Shinji supposed they were routing her into his communication system. A quick glance out of Unit-01's canopy confirmed she had picked up her cell phone again and was now holding it to her ear as she walked down the gantry.

"Military operations are generally executed with a certain level of expected losses. Given what we have seen today, the JSSDF took great care to ensure we did not launch the Evangelions. They know as well as anyone that they don't have enough firepower to penetrate your AT Fields. Once you are deployed, there is nothing they can do. They will be forced to either call off this operation or, at the very least, talk to us."

Asuka scowled. "So you are saying we break all their toys until they decide they don't want to play anymore?"

"Something along those lines, yes."

"That's a pretty crappy plan."

There was a pause, and Shinji thought Asuka was about to be publicly scolded for being so blunt on a channel that likely everyone inside Central Dogma could hear. Instead, Misato answered pleasantly, "Then you are welcome to impress me."

"Oh, okay." The redhead's tone lightened at the realization that had just been told to do whatever she wanted. She looked pointedly at Shinji through the screen. "And, Misato, don't worry. We have this."

Down on the gantry, Misato gave them both a smile and a thumbs up. "We are counting on you. Our own guardian angels. Godspeed, guys. I love you."

Shinji could almost feel her words in the warm LCL around him, as if Unit-01 were somehow transmitting the emotions directly to him. He sat back and tightened his hold on the control sticks.

"Evangelion Units 01 and 02 … launch!"


The last of the burning embers settled on the ground as ash, but Rei's skin remained untouched. Her clothes taken away by the fire, she was now naked, her flesh an eery, ghostly white. Motionless, she stared at the seemingly empty, black void above her head. She raised her right hand, her red eyes staring at it as if in a trance.

"Yes, you are still alive."

Rei turned her head towards the sound of the voice. The boy who was not Kaworu Nagisa stooped down over the spot where Dr. Akagi had been killed—where now there was nothing left of the woman save fore the charred remains of her clothing—and picked up the partially-melted PDA. He studied it briefly before straightening. Then he turned to Rei.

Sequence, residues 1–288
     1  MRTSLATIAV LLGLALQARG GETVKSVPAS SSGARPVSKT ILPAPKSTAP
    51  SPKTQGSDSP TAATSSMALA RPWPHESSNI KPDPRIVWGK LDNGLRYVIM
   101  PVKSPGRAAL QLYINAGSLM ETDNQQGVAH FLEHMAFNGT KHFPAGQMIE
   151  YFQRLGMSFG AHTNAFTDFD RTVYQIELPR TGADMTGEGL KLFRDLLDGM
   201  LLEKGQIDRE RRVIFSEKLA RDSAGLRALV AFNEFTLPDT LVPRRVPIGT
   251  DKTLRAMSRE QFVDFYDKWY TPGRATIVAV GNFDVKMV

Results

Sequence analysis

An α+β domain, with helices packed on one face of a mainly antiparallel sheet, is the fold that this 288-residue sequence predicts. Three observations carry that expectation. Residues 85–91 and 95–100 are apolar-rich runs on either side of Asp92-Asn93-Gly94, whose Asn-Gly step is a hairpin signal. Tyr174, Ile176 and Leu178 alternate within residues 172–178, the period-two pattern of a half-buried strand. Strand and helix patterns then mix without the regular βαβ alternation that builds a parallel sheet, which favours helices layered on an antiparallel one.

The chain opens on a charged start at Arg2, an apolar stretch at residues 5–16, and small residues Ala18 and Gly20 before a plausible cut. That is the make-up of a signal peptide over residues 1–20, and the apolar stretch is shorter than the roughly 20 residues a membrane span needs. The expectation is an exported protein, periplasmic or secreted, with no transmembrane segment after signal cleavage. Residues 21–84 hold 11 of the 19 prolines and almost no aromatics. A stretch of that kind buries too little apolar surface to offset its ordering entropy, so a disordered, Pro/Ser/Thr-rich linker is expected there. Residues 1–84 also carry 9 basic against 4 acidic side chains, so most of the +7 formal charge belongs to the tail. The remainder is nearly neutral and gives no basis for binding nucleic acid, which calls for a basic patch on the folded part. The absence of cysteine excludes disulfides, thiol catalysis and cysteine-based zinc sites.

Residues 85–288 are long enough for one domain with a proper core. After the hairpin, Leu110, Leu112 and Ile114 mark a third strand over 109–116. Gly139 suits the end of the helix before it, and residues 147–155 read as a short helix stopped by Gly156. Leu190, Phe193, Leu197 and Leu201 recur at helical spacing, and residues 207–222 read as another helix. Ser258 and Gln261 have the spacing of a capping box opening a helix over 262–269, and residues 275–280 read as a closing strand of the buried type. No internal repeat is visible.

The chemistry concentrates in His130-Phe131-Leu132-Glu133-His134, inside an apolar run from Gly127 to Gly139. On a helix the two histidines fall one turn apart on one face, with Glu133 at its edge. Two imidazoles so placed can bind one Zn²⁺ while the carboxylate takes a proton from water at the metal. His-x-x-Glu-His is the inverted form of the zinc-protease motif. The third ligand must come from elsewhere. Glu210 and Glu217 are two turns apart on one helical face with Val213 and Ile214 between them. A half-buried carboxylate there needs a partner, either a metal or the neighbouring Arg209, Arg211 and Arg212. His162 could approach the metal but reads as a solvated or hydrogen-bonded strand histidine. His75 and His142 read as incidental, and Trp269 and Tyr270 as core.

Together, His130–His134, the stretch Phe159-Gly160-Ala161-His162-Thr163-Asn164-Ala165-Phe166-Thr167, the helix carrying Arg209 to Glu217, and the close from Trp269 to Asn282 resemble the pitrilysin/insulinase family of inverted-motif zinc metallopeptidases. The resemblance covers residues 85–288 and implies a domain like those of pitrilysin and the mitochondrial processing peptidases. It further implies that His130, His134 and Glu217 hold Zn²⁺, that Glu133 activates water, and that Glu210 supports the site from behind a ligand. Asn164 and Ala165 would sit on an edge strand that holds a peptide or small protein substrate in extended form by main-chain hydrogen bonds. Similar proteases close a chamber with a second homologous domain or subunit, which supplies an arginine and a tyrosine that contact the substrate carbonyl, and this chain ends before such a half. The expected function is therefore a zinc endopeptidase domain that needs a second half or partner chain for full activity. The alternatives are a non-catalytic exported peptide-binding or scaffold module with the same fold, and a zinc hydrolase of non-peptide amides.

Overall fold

"When we first met I was nothing but a consciousness trapped in a shell," he said, pacing back to where she lay, his eyes glowing red like two rubies lit from the inside. "I suppose it would be fair to call you the same. You could not answer my questions."

Rei pushed herself up on her elbows. Her eyes flicked down her nude body, gleaming white flesh exposed to the hot air. "You were in my Eva," she said absently.

"I was your Eva," he said. "I was you. For those brief moments that we synchronized, our minds were the same. But you were empty. A shell and nothing else. How could I accept such a being? It is my nature to learn from others, and work towards a higher state through my understanding. I could not learn from you and so you were useless to me."

He held up the PDA, running his gloved fingers along the edge as if looking for something.

"But soon I found another. I found a mind desperately craving for attention and affection, yet despising the very things she wanted. She cried, begged me to help her save someone who had hurt her. Hurt so badly that I could hardly comprehend it. Hurt that defined every waking moment of her life. And yet she wanted me to help her save him. Her heart could have been filled with concrete, buried in stones, permanently shut behind her hurt. Even her Eva would not synchronize with her. It rejected her. But I was there."

Rei sat, watching him carefully. The floor was warm under her bare buttocks, but she felt no real pain. He regarded her briefly, his face unreadable.

"I was there," he repeated. "But she was willing, for the sake of the one who hurt her. Then I pried her mind open. And once inside her head, I sought answers to my questions. I violated her. Over and over, every time we synchronized. It did not take effort. She was already broken from childhood, from loss and hurt. And I learned."